• I think the article's intent was to apply findings from a particular study to a particular domain. ("If you are an extremist blockhead, understand you may have a metacognitive deficiency which blinds you to risks, so be extra vigilant when investing your money.") It's not going to read like a strict summary of the scientific article's findings.

      I think one of the key takeaways is that radicalism is correlated with factors which resist compartmentalization and which adversely affect one's decision making ability.

    • First, kudos for going to the original article and taking the time to wrestle with it!

      The statement you refer to appears to be from the marketwatch article rather than the paper. Products of journalism are rarely as precise or careful as peer reviewed scientific literature. The marketwatch author may see the journal article as a neat new mental tool which helps explain personal observations. Maybe he was just sloppy. In either case, I agree that the paper itself does not address change over time.

      My initial subjective assessment that zealotry is increasing appears to agree with your own. Your reference to 150 years ago I assume refers to the civil war. I'm sure zealotry was a part of that, but I suspect there was a lot more going on there--especially once it turned bloody. I'm certainly not an expert. However, I hope we can agree that while conditions of that time were more extreme than now, they also represent conditions we do not want to revisit...and increased zealotry is taking steps in the wrong direction. The paper does reference two studies which document recent trends in polarization:

      The latter is pay-to-access, so I was only able to read the abstract....or physically go to a subscribing library. However, even the abstract contained a nugget relevant to this discussion.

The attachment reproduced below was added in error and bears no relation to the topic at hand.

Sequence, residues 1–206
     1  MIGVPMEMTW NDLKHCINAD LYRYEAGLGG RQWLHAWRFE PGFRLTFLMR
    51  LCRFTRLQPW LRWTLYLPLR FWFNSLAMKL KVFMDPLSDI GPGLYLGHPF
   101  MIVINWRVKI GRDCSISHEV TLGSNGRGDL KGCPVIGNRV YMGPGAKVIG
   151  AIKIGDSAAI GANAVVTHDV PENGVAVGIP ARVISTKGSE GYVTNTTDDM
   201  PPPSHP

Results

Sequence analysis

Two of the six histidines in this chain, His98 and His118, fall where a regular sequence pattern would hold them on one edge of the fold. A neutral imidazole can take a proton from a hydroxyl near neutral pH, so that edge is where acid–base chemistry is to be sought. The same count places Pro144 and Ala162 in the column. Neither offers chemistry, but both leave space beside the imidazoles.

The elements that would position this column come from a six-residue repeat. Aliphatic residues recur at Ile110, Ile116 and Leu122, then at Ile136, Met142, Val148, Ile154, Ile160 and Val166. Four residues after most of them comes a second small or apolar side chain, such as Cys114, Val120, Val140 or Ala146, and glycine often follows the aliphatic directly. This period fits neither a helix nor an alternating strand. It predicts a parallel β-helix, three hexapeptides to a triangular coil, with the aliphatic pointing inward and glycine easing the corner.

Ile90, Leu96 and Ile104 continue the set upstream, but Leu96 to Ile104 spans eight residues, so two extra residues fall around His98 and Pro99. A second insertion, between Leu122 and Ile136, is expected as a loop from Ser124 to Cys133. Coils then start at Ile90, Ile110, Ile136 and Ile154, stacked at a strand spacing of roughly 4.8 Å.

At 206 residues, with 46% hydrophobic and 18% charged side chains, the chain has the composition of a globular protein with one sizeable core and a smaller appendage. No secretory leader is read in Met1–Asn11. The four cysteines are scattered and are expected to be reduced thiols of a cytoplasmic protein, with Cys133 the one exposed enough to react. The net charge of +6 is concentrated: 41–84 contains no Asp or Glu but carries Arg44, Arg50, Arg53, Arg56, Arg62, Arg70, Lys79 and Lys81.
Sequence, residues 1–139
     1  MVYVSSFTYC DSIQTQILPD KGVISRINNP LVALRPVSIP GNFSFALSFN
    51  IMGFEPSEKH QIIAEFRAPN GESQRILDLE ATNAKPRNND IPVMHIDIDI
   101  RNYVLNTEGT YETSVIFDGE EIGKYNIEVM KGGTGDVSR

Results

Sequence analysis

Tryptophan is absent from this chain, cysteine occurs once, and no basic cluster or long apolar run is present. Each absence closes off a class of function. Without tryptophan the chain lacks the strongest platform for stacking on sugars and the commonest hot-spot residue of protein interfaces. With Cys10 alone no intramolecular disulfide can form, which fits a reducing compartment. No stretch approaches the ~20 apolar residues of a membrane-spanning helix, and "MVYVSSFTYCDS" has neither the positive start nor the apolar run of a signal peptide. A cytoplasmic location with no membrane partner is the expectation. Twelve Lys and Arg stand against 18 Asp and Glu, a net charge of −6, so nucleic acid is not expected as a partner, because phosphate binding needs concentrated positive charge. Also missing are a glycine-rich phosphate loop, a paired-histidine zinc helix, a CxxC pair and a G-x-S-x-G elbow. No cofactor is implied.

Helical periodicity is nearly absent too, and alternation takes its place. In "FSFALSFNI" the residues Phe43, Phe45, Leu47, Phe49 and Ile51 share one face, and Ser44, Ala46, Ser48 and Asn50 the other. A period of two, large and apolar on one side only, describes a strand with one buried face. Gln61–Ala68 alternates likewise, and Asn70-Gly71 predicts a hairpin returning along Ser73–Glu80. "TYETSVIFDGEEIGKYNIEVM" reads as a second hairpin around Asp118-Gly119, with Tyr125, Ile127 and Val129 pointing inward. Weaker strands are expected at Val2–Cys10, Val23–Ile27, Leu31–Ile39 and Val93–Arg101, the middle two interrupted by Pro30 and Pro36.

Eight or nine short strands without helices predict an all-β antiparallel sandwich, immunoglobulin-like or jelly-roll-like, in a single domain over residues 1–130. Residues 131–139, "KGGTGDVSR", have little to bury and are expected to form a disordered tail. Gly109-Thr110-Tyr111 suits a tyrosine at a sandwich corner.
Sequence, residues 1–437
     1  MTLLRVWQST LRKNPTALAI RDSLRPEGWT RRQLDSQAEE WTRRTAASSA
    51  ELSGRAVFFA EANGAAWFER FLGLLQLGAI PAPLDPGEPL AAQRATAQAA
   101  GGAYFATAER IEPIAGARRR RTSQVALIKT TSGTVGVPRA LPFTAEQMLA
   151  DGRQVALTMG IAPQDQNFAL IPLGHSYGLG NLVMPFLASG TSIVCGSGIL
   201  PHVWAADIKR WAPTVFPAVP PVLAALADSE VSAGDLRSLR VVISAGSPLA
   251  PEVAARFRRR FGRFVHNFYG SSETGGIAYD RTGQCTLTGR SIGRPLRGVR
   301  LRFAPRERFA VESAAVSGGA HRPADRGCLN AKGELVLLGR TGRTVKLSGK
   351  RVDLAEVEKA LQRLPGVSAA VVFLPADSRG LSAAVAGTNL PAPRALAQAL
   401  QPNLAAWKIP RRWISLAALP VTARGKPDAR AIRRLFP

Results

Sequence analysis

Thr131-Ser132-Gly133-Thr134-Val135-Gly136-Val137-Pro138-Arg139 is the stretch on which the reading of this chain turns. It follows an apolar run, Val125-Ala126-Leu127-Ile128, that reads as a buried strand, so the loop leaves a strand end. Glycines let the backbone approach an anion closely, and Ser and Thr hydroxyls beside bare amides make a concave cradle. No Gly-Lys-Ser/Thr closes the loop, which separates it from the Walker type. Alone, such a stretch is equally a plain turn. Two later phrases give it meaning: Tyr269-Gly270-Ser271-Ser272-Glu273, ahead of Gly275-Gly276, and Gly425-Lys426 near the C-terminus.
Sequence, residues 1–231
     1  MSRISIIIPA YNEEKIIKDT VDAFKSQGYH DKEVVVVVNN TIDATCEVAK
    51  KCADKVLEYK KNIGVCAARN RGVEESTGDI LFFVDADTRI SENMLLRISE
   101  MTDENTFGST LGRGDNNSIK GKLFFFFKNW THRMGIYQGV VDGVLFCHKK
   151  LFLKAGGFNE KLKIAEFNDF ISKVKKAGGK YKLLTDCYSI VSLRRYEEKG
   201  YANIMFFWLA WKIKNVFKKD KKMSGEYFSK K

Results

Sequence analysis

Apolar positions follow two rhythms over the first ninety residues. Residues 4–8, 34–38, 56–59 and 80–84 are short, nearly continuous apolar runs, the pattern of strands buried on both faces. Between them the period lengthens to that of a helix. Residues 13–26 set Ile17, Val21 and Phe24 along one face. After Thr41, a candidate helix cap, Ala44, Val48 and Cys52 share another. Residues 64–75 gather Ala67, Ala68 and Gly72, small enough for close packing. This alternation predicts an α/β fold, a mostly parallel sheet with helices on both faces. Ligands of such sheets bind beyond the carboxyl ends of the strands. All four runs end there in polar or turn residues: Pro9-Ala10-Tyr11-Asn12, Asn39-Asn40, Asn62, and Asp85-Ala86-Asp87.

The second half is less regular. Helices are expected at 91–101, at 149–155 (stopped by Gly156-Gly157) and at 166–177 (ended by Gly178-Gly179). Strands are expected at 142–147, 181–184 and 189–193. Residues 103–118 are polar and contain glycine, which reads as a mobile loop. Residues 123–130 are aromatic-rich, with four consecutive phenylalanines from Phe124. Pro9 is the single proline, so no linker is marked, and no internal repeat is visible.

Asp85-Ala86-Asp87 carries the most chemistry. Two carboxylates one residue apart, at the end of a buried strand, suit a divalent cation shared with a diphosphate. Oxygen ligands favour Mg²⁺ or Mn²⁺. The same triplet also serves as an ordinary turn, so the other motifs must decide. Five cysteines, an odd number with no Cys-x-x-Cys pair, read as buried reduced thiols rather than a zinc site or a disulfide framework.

We note that the willingness of partisans to display open animus for
      opposing partisans can be attributed to the absence of norms governing
      the expression of negative sentiment and that increased partisan affect
      provides an incentive for elites to engage in confrontation rather than

      I assume "elites" means elected officials and party leaders, while "partisans" means regular people. So if this statement is true, it perhaps suggests that making "hate-shaming" trendy (especially among one's own party) would ultimately lead to cooperation? That seems intuitive to me.

    • That's seriously fascinating, buzzkill. I wish I hadn't missed this conversation when you first posted it.

      The extraordinary thing to me is when extreme views turn out to be right and we only discovered that because the person with the extreme view couldn't let it go. You could argue that the greatest scientific breakthroughs came from people like James Clerk Maxwell, perhaps the most influential scientist of the modern electronic era, who couldn't be dissuaded about his theories of invisible fields and waves.

      I wasn't there for Maxwell, but I was for my ex-boss Steve Jobs and he was exactly that kind of extremist who rarely could admit he was wrong and would stick to something doggedly no matter what anyone else said — like when he had the obviously insane idea to sell computers in expensive luxury stores in high-rent areas. Everyone, no exceptions that I'm aware of, thought that plan was anything but insane.

      I often wonder in the political sphere where compromise is essential and someone can't just go off and start an insane delivery company based on flying airplanes to get packages there overnight, what extreme ideas would have turned out to be right had they not been labeled as extreme and defeated by all the checks and balances.